Filip Šimandl, a representative of Czechia’s endangered class
An in-depth survey commissioned by Czech Radio suggests that Czech society is divided into six social classes that differ in terms of resources and status. The study defines two types of upper middle class, the wealthy and emerging cosmopolitan, three types of lower middle class and an impoverished class. Czech Radio found a typical representative of each social class. Gardener and clinic administrator Filip Šimandl is a member of the endangered class.
Filip Šimandl was just in the middle of cutting a hedge when Czech Radio caught up with him. Freelance gardening is a vital supplement for the 42-year-old divorcee, whose main employment is a part-time position as an administrator at a clinic.
“The times of my job shifts are firmly set. During my free days I do the gardening job. I wouldn’t be able to just have one part-time job like the one I have at the clinic now. I would not be able to make it.”
Although no longer living with his wife, Mr. Šimandl is still bound by the obligation to pay off the mortgage they took for their flat and the shared guardianship over their two children. The recent divorce means that it may have to be sold, because neither of them is able to pay the other off.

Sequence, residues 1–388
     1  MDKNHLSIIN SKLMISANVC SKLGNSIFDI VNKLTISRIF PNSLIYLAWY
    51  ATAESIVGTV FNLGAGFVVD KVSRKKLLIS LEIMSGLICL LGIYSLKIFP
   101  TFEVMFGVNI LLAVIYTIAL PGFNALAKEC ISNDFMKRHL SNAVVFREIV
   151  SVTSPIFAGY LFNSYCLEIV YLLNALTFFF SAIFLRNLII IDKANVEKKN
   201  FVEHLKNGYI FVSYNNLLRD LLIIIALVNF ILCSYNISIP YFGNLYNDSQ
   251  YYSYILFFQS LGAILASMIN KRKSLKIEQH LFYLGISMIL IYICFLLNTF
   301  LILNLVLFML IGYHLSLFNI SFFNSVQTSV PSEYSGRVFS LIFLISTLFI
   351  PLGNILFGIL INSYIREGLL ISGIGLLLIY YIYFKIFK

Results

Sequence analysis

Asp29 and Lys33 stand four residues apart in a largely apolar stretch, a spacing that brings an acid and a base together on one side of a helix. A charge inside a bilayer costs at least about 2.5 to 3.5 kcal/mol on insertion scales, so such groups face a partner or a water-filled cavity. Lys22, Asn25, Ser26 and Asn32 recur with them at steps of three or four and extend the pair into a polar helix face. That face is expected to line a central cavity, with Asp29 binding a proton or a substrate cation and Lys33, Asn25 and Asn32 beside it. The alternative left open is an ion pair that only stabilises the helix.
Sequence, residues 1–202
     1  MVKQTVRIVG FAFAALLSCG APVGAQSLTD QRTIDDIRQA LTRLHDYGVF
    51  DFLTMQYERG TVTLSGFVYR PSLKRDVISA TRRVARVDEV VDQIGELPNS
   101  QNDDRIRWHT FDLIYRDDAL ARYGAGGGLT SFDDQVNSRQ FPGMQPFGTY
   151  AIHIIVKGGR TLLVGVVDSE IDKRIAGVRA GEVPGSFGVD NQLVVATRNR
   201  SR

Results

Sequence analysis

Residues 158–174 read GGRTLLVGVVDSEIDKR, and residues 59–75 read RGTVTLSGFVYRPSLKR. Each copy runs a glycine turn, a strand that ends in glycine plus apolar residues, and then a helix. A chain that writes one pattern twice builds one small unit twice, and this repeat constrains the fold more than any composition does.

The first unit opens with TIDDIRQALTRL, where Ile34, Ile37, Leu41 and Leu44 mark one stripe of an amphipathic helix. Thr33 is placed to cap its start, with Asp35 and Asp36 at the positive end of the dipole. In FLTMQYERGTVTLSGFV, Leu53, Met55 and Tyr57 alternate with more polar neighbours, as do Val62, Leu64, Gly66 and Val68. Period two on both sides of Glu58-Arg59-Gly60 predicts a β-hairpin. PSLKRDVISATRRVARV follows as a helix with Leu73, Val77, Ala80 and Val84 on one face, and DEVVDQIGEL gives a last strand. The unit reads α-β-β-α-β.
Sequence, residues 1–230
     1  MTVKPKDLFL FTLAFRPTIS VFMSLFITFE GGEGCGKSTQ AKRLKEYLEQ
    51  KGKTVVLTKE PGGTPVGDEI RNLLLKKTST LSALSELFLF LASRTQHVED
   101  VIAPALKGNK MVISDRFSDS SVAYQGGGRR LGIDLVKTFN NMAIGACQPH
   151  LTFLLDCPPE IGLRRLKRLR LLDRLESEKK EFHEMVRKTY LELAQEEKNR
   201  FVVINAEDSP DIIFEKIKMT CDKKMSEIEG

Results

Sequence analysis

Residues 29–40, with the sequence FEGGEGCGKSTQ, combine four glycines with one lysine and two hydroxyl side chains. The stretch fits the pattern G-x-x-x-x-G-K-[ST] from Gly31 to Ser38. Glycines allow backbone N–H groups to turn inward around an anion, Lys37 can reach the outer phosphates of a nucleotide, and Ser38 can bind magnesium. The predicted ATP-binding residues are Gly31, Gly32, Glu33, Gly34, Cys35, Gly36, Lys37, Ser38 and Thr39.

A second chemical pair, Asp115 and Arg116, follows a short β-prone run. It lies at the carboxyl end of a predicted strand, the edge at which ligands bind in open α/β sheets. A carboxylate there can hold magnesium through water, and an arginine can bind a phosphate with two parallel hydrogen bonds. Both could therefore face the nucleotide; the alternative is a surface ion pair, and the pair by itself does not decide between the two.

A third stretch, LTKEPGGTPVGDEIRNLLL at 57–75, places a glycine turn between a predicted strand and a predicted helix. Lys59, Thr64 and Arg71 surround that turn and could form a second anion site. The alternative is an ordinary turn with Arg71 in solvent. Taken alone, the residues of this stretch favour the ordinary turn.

People in this group often have the necessary education base to earn a reasonable income and accumulate property, but they are hindered by low economic capital, frequent cases of divorce and unfavourable circumstances on the job market.
Nearly a third of the endangered class is made up of women, often single mothers. However, sociologists say that a wide range of individuals fits into this group.
It can include divorcees just scraping by, like Mr. Šimandl, or pensioners who have to look for part time employment in order to pay for their medication.
Because of the low income combined with costs relating phenomena such as divorce or mortgages, a single unexpected bump on the road can lead to members of this group being struck by job loss, long term unemployment and property seizure.
As for Mr. Šimandl, he says that for him no such threat is currently looming on the horizon.
“Right now I still have resources. I have work, I do earn something and I have also always kept a healthy reserve in my bank account, so I could access that if there was a sudden need.”
A web of social contacts is quite common among members of the endangered class, many of whom have acquaintances in high positions and friends to turn to when they need help.
However, sociologists say that the endangered are the country’s forgotten class, which does not profit from the effects of globalisation and digitalisation, nor is it likely to accustom itself well to upcoming social and technological trends.